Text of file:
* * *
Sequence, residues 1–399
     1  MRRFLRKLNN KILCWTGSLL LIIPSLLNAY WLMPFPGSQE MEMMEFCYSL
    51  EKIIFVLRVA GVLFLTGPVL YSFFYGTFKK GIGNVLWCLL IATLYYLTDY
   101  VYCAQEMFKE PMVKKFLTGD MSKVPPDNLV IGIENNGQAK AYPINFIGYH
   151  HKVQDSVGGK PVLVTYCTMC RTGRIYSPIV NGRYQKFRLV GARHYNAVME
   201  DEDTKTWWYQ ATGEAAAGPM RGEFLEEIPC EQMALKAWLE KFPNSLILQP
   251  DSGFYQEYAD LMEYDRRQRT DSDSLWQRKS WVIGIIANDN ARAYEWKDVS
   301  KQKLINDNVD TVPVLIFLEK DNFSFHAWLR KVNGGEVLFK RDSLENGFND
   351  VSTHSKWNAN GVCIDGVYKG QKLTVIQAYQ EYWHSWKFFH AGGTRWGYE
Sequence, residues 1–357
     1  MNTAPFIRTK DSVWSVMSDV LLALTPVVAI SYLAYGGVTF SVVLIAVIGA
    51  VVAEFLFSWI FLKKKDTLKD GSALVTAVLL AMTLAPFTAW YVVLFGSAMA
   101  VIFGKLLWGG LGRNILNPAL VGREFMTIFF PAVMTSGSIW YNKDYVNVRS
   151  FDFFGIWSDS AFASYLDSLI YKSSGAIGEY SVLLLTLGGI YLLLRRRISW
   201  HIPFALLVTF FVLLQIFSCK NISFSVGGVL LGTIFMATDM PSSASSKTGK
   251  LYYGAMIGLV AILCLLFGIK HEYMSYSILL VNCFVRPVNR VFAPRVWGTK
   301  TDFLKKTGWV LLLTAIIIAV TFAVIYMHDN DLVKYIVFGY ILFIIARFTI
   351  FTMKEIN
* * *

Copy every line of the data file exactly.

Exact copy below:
Sequence, residues 1–399
     1  MRRFLRKLNN KILCWTGSLL LIIPSLLNAY WLMPFPGSQE MEMMEFCYSL
    51  EKIIFVLRVA GVLFLTGPVL YSFFYGTFKK GIGNVLWCLL IATLYYLTDY
   101  VYCAQEMFKE PMVKKFLTGD MSKVPPDNLV IGIENNGQAK AYPINFIGYH
   151  HKVQDSVGGK PVLVTYCTMC RTGRIYSPIV NGRYQKFRLV GARHYNAVME
   201  DEDTKTWWYQ ATGEAAAGPM RGEFLEEIPC EQMALKAWLE KFPNSLILQP
   251  DSGFYQEYAD LMEYDRRQRT DSDSLWQRKS WVIGIIANDN ARAYEWKDVS
   301  KQKLINDNVD TVPVLIFLEK DNFSFHAWLR KVNGGEVLFK RDSLENGFND
   351  VSTHSKWNAN GVCIDGVYKG QKLTVIQAYQ EYWHSWKFFH AGGTRWGYE
Sequence, residues 1–357
     1  MNTAPFIRTK DSVWSVMSDV LLALTPVVAI SYLAYGGVTF SVVLIAVIGA
    51  VVAEFLFSWI FLKKKDTLKD GSALVTAVLL AMTLAPFTAW YVVLFGSAMA
   101  VIFGKLLWGG LGRNILNPAL VGREFMTIFF PAVMTSGSIW YNKDYVNVRS
   151  FDFFGIWSDS AFASYLDSLI YKSSGAIGEY SVLLLTLGGI YLLLRRRISW
   201  HIPFALLVTF FVLLQIFSCK NISFSVGGVL LGTIFMATDM PSSASSKTGK
   251  LYYGAMIGLV AILCLLFGIK HEYMSYSILL VNCFVRPVNR VFAPRVWGTK
   301  TDFLKKTGWV LLLTAIIIAV TFAVIYMHDN DLVKYIVFGY ILFIIARFTI
   351  FTMKEIN